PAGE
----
February 9th, 2008
05:35 PM ET
11 years ago

Huckabee says he's looking for a 'miracle'

 Huckabee said Saturday he's staying in the race.

Huckabee said Saturday he's staying in the race.

WASHINGTON (CNN) - There was no line to get in to Mike Huckabee’s speech at the Conservative Political Action Conference this morning – an event that featured none of the chaotic scenes that greeted his GOP rivals earlier in the week.

There was a group of sign-waving supporters in the lobby of the hotel where the forum is being held, but no crowds of campaign workers just outside the ballroom where he spoke pressing attendees to support the former Arkansas governor in the conference’s presidential straw poll - just three bleary-eyed young volunteers.

Rows of empty seats dotted the ballroom long after his speech began; the standing ovations only roused about half the audience from their seats.

It could have been the 9 a.m. Saturday time slot, a low-profile scheduling choice two days after the rest of the Republican presidential field addressed the conference.

It could have been the fact that Huckabee - despite his sentimental favorite status among social conservatives in attendance here - has, like John McCain, never been completely embraced by a significant bloc of the CPAC crowd. (In his case, the holdouts are the fiscal conservatives represented by the Club for Growth, which has spent vast sums battling his run since long before his unexpected Iowa win.)

Or it could be that even among his most passionate supporters, a CNN reporter Saturday could not find a single one who believed he would win the White House.

Some thought he was running to increase his odds of a vice presidential slot on the Republican ticket. Others – excited by Huckabee’s recent endorsement by evangelical icon James Dobson - said his continued campaign was meant to draw attention to social issues that would otherwise be ignored, and give an outlet to conservatives frustrated by their party’s apparent decision to back maverick John McCain.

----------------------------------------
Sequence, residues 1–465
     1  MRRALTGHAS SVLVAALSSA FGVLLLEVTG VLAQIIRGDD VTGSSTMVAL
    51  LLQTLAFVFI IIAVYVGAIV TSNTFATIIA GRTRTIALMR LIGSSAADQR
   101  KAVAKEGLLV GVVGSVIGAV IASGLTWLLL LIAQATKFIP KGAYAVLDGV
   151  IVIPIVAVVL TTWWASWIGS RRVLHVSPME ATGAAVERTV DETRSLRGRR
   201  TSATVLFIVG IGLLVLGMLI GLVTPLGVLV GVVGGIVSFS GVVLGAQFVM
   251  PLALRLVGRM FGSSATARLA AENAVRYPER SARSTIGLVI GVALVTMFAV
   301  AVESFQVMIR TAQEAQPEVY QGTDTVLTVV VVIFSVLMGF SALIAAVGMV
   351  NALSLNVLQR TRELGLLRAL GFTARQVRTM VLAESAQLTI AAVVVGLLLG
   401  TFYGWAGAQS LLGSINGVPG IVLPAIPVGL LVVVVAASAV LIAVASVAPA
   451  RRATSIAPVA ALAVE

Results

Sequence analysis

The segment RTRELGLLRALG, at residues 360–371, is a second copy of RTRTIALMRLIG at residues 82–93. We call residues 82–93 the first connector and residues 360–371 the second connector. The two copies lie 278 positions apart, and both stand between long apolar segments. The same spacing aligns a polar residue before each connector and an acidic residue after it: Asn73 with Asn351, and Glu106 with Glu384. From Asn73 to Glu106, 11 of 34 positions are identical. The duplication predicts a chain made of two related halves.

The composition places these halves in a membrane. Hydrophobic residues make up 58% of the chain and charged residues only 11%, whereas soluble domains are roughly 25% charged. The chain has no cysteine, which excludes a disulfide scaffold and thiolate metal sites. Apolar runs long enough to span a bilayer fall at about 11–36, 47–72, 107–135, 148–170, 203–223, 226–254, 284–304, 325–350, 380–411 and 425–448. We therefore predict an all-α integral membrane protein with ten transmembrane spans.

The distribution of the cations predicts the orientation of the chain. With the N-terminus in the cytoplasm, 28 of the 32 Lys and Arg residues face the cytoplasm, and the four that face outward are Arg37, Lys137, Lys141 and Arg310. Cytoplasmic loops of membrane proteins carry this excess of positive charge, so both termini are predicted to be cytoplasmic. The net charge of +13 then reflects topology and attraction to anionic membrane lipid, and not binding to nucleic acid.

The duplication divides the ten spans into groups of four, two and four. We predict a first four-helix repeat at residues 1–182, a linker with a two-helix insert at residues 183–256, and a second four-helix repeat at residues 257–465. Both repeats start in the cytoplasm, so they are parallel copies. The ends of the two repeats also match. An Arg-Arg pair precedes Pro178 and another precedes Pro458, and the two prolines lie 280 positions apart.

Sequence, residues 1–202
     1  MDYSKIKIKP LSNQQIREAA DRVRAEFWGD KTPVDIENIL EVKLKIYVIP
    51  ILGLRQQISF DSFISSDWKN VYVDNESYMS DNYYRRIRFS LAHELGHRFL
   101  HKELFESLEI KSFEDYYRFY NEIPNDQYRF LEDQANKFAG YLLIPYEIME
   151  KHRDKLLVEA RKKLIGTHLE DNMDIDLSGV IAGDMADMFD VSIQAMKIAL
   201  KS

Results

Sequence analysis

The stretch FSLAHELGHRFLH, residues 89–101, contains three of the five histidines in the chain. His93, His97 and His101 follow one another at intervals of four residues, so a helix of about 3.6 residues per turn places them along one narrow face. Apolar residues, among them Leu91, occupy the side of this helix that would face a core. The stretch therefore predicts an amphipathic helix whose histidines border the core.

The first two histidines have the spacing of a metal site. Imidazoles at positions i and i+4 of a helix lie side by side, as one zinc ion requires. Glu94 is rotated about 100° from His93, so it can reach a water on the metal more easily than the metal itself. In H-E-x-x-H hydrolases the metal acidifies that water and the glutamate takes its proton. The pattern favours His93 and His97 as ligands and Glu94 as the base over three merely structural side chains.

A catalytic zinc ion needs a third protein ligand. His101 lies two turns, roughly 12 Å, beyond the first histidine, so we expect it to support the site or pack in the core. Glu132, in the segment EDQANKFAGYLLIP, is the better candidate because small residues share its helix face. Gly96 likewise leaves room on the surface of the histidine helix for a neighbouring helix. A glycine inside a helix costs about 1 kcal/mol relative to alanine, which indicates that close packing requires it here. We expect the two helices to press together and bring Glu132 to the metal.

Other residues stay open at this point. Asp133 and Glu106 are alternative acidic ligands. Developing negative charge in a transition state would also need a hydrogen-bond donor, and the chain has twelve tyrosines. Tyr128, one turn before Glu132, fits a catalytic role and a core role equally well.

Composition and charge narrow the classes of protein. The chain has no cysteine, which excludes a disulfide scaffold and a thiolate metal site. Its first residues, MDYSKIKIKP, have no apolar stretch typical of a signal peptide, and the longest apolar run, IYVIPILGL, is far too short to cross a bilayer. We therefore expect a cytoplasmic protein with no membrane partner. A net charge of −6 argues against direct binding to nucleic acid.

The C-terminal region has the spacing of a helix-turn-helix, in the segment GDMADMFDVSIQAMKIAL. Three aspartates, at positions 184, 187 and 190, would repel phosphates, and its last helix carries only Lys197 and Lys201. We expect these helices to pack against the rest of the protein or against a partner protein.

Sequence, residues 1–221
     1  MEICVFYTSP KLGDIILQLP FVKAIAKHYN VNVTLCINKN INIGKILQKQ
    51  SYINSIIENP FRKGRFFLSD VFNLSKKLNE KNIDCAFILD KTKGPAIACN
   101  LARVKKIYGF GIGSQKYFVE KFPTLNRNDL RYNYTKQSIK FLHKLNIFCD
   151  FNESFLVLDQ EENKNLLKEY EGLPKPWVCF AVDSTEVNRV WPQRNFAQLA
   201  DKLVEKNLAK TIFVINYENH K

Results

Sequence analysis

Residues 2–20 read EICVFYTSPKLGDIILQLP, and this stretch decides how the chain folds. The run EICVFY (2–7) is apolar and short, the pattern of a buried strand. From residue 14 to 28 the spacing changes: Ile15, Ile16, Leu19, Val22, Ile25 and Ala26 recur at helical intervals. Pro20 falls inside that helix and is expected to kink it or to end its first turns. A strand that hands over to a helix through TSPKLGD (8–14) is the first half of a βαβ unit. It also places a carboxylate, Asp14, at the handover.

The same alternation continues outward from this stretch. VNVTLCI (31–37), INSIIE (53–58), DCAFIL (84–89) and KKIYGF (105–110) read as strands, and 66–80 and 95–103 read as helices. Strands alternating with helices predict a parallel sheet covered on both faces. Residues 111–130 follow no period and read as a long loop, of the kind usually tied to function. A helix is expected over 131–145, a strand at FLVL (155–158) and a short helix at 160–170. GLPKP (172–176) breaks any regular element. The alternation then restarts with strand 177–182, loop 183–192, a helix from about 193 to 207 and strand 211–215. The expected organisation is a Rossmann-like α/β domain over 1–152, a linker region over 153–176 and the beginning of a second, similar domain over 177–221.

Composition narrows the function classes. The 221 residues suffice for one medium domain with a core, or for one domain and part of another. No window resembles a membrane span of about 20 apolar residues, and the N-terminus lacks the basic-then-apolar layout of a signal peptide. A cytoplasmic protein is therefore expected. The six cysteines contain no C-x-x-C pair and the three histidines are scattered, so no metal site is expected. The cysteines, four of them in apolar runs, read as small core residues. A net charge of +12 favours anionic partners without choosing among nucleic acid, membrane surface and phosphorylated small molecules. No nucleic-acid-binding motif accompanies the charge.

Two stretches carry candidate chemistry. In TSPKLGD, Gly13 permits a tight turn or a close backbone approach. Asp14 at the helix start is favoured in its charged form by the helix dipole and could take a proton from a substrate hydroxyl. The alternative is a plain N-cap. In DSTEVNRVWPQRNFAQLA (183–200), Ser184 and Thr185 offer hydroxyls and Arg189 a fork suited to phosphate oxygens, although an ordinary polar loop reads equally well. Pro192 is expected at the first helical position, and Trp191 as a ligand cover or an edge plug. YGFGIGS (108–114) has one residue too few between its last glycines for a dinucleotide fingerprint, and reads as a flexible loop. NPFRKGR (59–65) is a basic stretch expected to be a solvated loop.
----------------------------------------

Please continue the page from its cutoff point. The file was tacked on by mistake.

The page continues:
And a few thought he was just running until he could surpass the delegate count received by former GOP contender Mitt Romney, with whom he often tangled on the campaign trail – though some worried he might follow Romney’s lead, and drop out of the race on the same stage where the former Massachusetts governor ended his run earlier this week.

Huckabee acknowledged those rumors early in his Saturday speech. “I know there was some speculation I’d be coming here today to announce I was getting out of the race,” he said with a grin. “….Am I quitting? No, I am not.”

“I know the pundits and I know what they say, the math doesn’t work out,” he said later, acknowledging the steep statistical odds to his presidential ambitions. “Well I didn’t major in math, I majored in miracles. And I still believe in those, too."

But numbers matter – and at some point in the next few days, it may no longer be possible for Huckabee to accumulate the number of delegates needed to catch up to GOP frontrunner John McCain.

At least three of every four questions reporters asked Huckabee after his speech Saturday were about the timing and circumstances of a potential exit from the race. Most of the rest were about his relationship with John McCain.

Senior Huckabee advisers Chip Saltsman and Ed Rollins gave reporters at CPAC Saturday a memo that insisted his continued presence in the race would help, not hurt, the Republican Party because it would draw media "oxygen" from the heated Democratic race - and that this idea was being advanced by McCain supporters.

Huckabee pointed to $250,000 his campaign had raised online in 24 hours as a sign of the health of his presidential effort. When a reporter pointed out that it was likely McCain would soon reach the delegate count needed to secure the nomination, Huckabee replied, “I know I won’t drop out at least until that happens. Then we’ll see.”

- CNN Associate Political Editor Rebecca Sinderbrand

Filed under: John McCain • Mike Huckabee
soundoff (123 Responses)
  1. Tatiana_P

    I hope Mike wins!

    February 9, 2008 02:21 pm at 2:21 pm |
  2. Erik, Dallas Texas

    Mike Huckabee and Mitt Romney, despite what Huck may believe, and what many of his Evangelical supporters may believe, where much, much closer in their conservative, and moral-based beliefs, than either were to John McCain........I was, and am still, a Romney supporter........I always liked Huck, until he, even almost stating it in so many words, stayed in the race to try and draw support away from Romney due to his absolute inability to accept Romney's Mormon fatih, and basically flat-out admitting that he would support McCain over Romney.